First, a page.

Between slagging each other off with cartoons like the one above and taking each other to court over chipset licenses, there's been no love lost between NVIDIA and Intel over the past few years -- but it looks like the war is over. The two companies just announced a new six-year cross-licensing deal that will see Intel paying NVIDIA a total of $1.5b over the next five years for access to NVIDIA's technology, while also giving NVIDIA a license to some of Intel's patents. The two companies have also agreed to drop all pending litigation, because you know, they're now friends who just exchanged a billion and half dollars. Crucially, Intel won't give up rights to x86, flash memory or "certain chipsets," so we don't really know if this agreement allows NVIDIA to produce integrated graphics for Sandy Bridge -- although most manufacturers are going with an Optimus-style discrete / integrated switchable arrangement that pairs Intel's on-die graphics with a discrete NVIDIA chip anyway, so we're not so sure it actually matters. We would love to see NVIDIA support Intel's Wireless Display 2.0 and the new Insider 1080p movie service, though -- and if these two coming closer together results in better Intel on-board graphics that can rival AMD Fusion, well, things will get very interesting indeed. Oh, the possibilities of peace.

P.S.- And seriously, what a turnaround for NVIDIA at CES: it's gone from being the company that was going nowhere with Tegra to completely dominating the Android landscape with Tegra 2, finding its way into all sorts of cars, and upending the desktop processor space with Project Denver -- all while pocketing $1.5b of Intel's cash. Not bad work for one Mr. Jen-Hsun Huang.

Update: NVIDIA just said on its press call that it has "no intentions to build chipsets for Intel processors," and that Intel will be able to use NVIDIA's technology in Sandy Bridge, so we suppose that answers that question.
Show full PR text
Intel to Pay NVIDIA Technology Licensing Fees of $1.5 Billion

New Six-Year Cross-License Renews Previous Agreement

SANTA CLARA, CA--(Marketwire - January 10, 2011) - NVIDIA announced today that it has signed a new six-year cross-licensing agreement with Intel.

For the future use of NVIDIA's technology, Intel will pay NVIDIA an aggregate of $1.5 billion in licensing fees payable in five annual installments, beginning Jan. 18, 2011.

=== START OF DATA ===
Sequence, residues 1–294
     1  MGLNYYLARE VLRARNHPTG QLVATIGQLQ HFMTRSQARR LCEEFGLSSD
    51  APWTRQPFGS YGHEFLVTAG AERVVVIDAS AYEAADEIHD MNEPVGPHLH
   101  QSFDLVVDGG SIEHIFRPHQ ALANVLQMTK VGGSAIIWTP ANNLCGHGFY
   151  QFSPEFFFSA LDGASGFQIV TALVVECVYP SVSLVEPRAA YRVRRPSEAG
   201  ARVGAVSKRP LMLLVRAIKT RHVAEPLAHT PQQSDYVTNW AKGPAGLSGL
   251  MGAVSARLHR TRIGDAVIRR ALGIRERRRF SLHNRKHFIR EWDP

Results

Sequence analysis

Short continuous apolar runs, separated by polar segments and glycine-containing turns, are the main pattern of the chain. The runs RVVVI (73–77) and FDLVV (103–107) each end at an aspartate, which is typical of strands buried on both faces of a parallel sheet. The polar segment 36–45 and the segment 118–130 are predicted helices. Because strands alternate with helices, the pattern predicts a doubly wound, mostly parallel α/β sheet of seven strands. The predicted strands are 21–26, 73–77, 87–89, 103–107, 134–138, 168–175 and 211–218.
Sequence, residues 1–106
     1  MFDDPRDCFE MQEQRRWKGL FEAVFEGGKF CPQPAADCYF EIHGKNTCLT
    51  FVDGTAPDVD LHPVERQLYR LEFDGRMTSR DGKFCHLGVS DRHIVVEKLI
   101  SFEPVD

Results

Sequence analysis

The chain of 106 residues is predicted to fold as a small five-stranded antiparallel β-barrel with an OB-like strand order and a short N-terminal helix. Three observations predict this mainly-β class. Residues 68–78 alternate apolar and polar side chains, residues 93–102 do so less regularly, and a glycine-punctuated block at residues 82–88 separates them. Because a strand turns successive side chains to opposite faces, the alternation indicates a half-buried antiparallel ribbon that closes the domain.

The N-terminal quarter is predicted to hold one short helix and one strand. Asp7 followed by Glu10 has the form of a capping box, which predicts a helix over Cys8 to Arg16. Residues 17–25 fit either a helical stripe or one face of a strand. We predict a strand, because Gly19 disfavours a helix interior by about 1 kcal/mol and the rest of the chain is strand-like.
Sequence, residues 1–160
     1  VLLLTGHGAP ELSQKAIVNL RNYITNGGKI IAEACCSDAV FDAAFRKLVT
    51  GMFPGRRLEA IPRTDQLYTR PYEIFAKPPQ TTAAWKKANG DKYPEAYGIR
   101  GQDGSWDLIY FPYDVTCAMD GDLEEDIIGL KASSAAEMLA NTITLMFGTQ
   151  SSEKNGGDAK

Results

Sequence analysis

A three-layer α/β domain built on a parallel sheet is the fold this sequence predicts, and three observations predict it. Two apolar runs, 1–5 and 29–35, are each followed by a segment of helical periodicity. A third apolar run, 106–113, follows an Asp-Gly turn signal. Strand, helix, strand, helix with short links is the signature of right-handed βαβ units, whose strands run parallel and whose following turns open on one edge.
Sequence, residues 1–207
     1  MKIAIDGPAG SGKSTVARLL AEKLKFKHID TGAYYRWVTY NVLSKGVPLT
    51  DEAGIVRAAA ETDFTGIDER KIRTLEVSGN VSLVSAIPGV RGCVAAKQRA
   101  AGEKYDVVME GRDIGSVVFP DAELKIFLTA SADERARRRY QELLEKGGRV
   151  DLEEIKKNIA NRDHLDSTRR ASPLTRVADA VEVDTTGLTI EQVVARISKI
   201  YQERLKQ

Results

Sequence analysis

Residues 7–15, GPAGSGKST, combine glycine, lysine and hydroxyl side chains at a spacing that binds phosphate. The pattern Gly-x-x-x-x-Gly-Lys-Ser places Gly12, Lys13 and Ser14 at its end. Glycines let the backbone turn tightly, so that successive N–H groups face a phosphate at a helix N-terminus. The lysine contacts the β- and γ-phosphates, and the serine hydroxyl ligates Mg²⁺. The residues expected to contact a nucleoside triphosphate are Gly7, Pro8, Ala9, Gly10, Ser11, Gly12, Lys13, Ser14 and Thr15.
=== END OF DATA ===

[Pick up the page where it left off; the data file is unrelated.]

NVIDIA and Intel have also agreed to drop all outstanding legal disputes between them.

"This agreement signals a new era for NVIDIA," said Jen-Hsun Huang, NVIDIA's president and chief executive officer. "Our cross license with Intel reflects the substantial value of our visual and parallel computing technologies. It also underscores the importance of our inventions to the future of personal computing, as well as the expanding markets for mobile and cloud computing."

Under the new agreement, Intel will have continued access to NVIDIA's full range of patents. In return, NVIDIA will receive an aggregate of $1.5 billion in licensing fees, to be paid in annual installments, and retain use of Intel's patents, consistent with its existing six-year agreement with Intel. This excludes Intel's proprietary processors, flash memory and certain chipsets for the Intel platform.

The existing agreement is to expire March 31, 2011.

Pursuant to U.S. GAAP, a portion of the proceeds will be accounted for and attributed to the settlement of prior legal claims. This amount, which NVIDIA anticipates to be less than $100 million, will be included in the company's fourth-quarter results.

The balance of the licensing fees will be accounted for on a straight-line basis over the six-year term of the agreement. Accordingly it is anticipated that this would amount annually to approximately $233 million of operating income and an increase in net income of $0.29 per diluted share, on a full year basis.


Show full PR text
Intel Announces New Patent Cross License Agreement with NVIDIA

SANTA CLARA, Calif. – Jan. 10, 2011 – Intel Corporation today announced that it has entered into a new comprehensive long-term patent cross license agreement with NVIDIA. The companies have also resolved pending litigation in Chancery Court in Wilmington, Del., ending all outstanding legal disputes between the companies.

"This agreement ends the legal dispute between the companies, preserves patent peace and provides protections that allow for continued freedom in product design," said Doug Melamed, Intel senior vice president and general counsel. "It also enables the companies to focus their efforts on innovation and the development of new, innovative products."

Under the transaction, Intel receives a license to NVIDIA's patents subject to the terms of the agreement. NVIDIA receives a license to Intel's patents subject to the terms of the agreement, including that x86 and certain other products are not licensed to NVIDIA under the agreement. Intel and NVIDIA have also exchanged broad releases for all legal claims, including any claims of breach of their previous license agreement. Intel will pay NVIDIA $1.5 billion over the next 5 years. This obligation will be recognized as a liability totaling approximately $1.4 billion, on a discounted basis. Intel recognized an expense of $100 million in the fourth-quarter of 2010, classified as "marketing, general and administrative." The remaining amount, approximately $1.3 billion, will be recognized as an intangible asset in the first quarter of 2011 and will be amortized into cost of sales over future periods.With the exception of one agreement term that is confidential, the agreement will be made available in filings with the Securities and Exchange Commission, and can be viewed at www.intel.com/pressroom/legal.

0 Comments

Intel agrees to pay NVIDIA $1.5b in patent license fees, signs cross-license